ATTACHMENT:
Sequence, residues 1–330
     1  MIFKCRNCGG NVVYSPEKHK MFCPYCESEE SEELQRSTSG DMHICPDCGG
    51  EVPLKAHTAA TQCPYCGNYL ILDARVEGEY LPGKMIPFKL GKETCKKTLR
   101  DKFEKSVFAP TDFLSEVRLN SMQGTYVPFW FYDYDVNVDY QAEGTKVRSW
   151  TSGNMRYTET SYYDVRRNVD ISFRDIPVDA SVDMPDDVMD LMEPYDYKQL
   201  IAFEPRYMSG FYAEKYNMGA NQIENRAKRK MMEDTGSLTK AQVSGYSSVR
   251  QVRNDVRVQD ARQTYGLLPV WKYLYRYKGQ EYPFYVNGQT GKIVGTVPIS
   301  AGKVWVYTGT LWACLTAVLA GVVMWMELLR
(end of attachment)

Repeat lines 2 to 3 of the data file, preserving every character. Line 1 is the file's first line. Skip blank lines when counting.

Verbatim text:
     1  MIFKCRNCGG NVVYSPEKHK MFCPYCESEE SEELQRSTSG DMHICPDCGG
    51  EVPLKAHTAA TQCPYCGNYL ILDARVEGEY LPGKMIPFKL GKETCKKTLR